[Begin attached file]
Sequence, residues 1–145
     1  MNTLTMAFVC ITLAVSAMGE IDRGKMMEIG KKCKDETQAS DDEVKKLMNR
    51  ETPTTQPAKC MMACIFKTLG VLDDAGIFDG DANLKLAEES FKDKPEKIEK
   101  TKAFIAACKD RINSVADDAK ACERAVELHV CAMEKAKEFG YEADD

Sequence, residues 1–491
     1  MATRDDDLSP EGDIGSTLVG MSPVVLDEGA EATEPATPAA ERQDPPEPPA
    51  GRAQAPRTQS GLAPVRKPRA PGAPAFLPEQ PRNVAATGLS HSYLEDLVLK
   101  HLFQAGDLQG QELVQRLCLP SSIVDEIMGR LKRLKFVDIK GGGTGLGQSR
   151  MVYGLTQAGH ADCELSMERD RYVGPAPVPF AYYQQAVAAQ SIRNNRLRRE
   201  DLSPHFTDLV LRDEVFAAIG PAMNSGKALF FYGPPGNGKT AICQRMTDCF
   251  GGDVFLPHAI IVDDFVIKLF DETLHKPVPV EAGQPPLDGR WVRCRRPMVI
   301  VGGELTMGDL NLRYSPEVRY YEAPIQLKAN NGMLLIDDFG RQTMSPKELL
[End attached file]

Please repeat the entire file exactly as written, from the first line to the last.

Sequence, residues 1–145
     1  MNTLTMAFVC ITLAVSAMGE IDRGKMMEIG KKCKDETQAS DDEVKKLMNR
    51  ETPTTQPAKC MMACIFKTLG VLDDAGIFDG DANLKLAEES FKDKPEKIEK
   101  TKAFIAACKD RINSVADDAK ACERAVELHV CAMEKAKEFG YEADD

Sequence, residues 1–491
     1  MATRDDDLSP EGDIGSTLVG MSPVVLDEGA EATEPATPAA ERQDPPEPPA
    51  GRAQAPRTQS GLAPVRKPRA PGAPAFLPEQ PRNVAATGLS HSYLEDLVLK
   101  HLFQAGDLQG QELVQRLCLP SSIVDEIMGR LKRLKFVDIK GGGTGLGQSR
   151  MVYGLTQAGH ADCELSMERD RYVGPAPVPF AYYQQAVAAQ SIRNNRLRRE
   201  DLSPHFTDLV LRDEVFAAIG PAMNSGKALF FYGPPGNGKT AICQRMTDCF
   251  GGDVFLPHAI IVDDFVIKLF DETLHKPVPV EAGQPPLDGR WVRCRRPMVI
   301  VGGELTMGDL NLRYSPEVRY YEAPIQLKAN NGMLLIDDFG RQTMSPKELL